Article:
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Terri Clark, Lauren Alaina, and Ashley McBryde Honor Opry Member Joe Diffie on Tonight’s Grand Ole Opry Broadcast On Circle

NASHVILLE, Tenn. – (April 4, 2020) –Opry member Terri Clark was joined by UMG Nashville’s ACM-award winner Lauren Alaina and Warner Music Nashville’s CMA New Artist winner and Grammy-nominated Ashley McBryde tonight for the Grand Ole Opry’s 4,918th consecutive Saturday night broadcast. The show, broadcast live on Circle,  was dedicated to Opry member Joe Diffie, who passed away earlier this week.

Clark, the host of tonight’s Opry, began by saying “It’s an unprecedented time in the world right now” before adding “…as tradition follows, we are going to keep going with the Opry and we are going to keep playing. We know these are tough times and have never seen anything like this in our lifetime. We are all so thrilled to be here.”

“Because we are honoring CDC rules we haven’t rehearsed a lot of this, so we were out in the parking lot 12 feet apart sitting on tailgates before we went on the air tonight,” laughed Clark before introducing Alaina. “Now that’s country. That’s the Opry.”

The three women kicked off the show with some of their own solo favorites before performing a medley of classic country female hits including “It Wasn’t God Who Made Honky Tonk Angels,” (Kitty Wells); “You Ain’t Woman Enough,” (Loretta Lynn); and “Walking After Midnight” (Patsy Cline). The three also joined forces on one of Diffie’s many hits, “John Deere Green.”

“Thank you all so much for being here with us tonight,” concluded Clark. “We love you. We’re going to get through this together. Stay strong. Stay mighty.”

Additionally, the Opry launched #UNBROKEN, a charitable campaign to raise money for the MusiCares COVID-19 Relief Fund. The fund will benefit artists and musicians struggling through the pandemic– some of the very people who write, make and create the music that has kept the music alive on the Opry stage for almost 95 years. Opry fans are invited to contribute to the fund by texting UNBROKEN to 41444.

The Grand Ole Opry was broadcast live on Circle, and on Gray TV stations, DISH Studio Channel 102, Sling TV and other TV affiliates in addition to a companion live stream on Circle’s Facebook and YouTube. TV and radio personality Bobby Bones hosted the Circle telecast, while Opry announcer Charlie Mattos joined the Opry’s radio audience at the announcer podium. Embracing today’s technology, the Opry was broadcast and streamed with a very small production team. The shows artists continue to perform acoustically at the recommended social distance across the Opry stage.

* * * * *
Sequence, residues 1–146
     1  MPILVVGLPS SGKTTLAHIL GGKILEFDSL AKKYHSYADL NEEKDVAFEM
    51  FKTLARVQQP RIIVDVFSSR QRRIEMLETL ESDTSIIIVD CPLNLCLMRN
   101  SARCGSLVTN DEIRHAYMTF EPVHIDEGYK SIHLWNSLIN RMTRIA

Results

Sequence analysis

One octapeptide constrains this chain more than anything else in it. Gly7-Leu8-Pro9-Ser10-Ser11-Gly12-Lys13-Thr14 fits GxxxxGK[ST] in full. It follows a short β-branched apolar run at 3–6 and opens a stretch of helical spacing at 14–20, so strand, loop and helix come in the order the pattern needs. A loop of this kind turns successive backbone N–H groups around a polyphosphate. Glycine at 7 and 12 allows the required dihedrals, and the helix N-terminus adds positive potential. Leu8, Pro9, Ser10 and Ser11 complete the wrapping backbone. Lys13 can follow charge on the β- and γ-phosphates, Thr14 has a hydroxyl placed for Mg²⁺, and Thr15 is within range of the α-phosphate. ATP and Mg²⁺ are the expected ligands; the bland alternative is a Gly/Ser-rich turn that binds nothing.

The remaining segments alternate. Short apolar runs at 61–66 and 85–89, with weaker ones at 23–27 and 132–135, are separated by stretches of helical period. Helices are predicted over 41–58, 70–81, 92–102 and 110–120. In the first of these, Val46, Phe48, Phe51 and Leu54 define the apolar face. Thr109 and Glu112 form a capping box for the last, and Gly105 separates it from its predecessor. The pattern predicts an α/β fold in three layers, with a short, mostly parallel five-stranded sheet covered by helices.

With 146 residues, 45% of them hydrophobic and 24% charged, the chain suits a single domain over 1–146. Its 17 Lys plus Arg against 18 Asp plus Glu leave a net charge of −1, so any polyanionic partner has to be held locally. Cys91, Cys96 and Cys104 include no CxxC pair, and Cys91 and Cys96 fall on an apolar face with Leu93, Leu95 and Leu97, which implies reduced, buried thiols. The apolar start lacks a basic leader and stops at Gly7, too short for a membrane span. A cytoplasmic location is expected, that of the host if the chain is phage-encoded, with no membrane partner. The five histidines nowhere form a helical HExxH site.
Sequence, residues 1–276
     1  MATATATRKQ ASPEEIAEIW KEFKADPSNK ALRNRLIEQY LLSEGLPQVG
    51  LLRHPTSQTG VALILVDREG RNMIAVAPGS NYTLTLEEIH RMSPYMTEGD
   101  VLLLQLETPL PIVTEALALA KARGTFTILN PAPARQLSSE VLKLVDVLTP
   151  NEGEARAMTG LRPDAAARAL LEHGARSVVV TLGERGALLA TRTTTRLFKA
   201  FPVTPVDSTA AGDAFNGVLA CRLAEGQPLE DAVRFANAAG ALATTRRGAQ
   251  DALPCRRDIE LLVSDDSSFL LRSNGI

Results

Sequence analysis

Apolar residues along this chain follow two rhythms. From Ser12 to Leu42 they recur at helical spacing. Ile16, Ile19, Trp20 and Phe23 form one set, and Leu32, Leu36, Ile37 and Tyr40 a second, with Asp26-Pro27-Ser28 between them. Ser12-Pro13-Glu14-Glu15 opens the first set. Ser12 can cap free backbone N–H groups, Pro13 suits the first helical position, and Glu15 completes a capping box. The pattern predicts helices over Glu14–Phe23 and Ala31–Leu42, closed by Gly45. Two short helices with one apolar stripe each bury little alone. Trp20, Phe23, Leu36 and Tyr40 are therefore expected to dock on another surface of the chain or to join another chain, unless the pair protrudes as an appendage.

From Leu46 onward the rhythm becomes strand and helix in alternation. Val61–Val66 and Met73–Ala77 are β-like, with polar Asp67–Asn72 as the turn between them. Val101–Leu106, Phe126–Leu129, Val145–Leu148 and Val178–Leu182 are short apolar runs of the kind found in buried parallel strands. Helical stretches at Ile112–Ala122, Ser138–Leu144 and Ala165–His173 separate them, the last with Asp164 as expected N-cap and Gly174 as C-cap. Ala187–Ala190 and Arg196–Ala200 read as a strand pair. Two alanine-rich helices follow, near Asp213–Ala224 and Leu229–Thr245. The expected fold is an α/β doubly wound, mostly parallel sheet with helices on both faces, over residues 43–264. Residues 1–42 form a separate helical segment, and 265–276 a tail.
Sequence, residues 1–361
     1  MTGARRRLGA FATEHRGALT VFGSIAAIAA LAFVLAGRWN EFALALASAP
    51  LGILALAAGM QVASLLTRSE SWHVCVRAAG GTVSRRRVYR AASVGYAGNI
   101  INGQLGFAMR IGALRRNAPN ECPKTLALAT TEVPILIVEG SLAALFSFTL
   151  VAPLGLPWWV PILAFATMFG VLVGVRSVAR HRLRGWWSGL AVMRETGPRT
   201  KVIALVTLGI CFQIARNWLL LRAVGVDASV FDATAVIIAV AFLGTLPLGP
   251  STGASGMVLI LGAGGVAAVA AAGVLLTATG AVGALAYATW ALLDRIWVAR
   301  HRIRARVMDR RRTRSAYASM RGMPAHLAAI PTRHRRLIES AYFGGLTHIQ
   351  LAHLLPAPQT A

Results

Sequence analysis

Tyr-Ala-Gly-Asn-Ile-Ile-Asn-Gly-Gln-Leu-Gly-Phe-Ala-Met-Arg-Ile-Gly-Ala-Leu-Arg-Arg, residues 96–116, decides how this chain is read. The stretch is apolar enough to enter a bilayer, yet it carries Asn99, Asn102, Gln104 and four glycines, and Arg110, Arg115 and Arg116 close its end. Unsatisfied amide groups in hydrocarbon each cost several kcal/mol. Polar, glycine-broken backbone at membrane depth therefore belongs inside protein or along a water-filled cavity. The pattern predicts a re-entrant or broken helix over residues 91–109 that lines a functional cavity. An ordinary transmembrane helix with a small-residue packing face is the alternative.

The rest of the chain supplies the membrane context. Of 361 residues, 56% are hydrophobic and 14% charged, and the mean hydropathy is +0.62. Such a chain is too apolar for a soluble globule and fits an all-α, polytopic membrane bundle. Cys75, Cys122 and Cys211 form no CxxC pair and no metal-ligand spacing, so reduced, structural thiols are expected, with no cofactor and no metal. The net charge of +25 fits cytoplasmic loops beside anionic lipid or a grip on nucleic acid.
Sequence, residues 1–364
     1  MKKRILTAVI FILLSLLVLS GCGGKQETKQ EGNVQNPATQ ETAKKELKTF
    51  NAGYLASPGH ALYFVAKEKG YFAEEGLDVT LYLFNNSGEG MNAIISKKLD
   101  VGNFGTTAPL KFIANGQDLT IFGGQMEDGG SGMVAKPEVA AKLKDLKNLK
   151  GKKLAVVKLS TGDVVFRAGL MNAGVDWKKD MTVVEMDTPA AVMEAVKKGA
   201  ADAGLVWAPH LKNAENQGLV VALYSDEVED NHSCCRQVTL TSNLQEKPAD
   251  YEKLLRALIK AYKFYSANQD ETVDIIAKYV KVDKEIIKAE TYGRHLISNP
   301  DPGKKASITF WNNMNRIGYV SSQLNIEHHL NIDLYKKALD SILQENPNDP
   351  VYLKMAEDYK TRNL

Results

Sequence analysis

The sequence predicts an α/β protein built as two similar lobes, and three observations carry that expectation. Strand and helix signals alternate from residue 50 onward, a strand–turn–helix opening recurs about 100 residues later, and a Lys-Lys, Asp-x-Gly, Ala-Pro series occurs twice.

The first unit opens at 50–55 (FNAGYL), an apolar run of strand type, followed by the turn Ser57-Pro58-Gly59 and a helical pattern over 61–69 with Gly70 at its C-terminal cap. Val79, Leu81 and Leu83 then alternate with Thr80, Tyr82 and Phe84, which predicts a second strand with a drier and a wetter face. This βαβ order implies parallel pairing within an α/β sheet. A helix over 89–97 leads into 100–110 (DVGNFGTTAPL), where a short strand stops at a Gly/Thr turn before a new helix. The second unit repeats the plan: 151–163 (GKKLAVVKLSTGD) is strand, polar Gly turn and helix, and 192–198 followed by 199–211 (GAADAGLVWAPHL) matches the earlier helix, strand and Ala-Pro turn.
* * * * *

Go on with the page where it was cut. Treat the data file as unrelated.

Fans around the world tuned in to the broadcast on the Opry’s flagship radio home, 650 AM-WSM and several other outlets.

With Nashvillians at home under Nashville Mayor John Cooper’s “STAY at Home” order and live shows paused at the Grand Ole Opry to help reduce the spread of COVID-19, this Saturday’s performance continued without a live audience. Grand Ole Opry management has worked closely with the Nashville’s Director of Health to bring the show live to millions around the world while following strict safety protocols under the guidance of local health professionals.

Millions of fans in dozens of countries around the world have tuned in live over the past four weeks to video stream or listen as the circle remained unbroken. Opry members Bill Anderson, Jeannie Seely and Connie Smith as well as Mandy Barnett, Michael Cleveland & Flamekeeper and Sam Williams took to the stage on March 14 as the Opry show went on the air without a live ticketed audience. On March 21 Opry members Vince Gill, Brad Paisley and Marty Stuart performed acoustically from the Opry House stage. Last Saturday March 28, Gill returned to the stage to perform acoustically with members of his family: wife Amy Grant and daughters Jenny Gill and Corrina Grant Gill.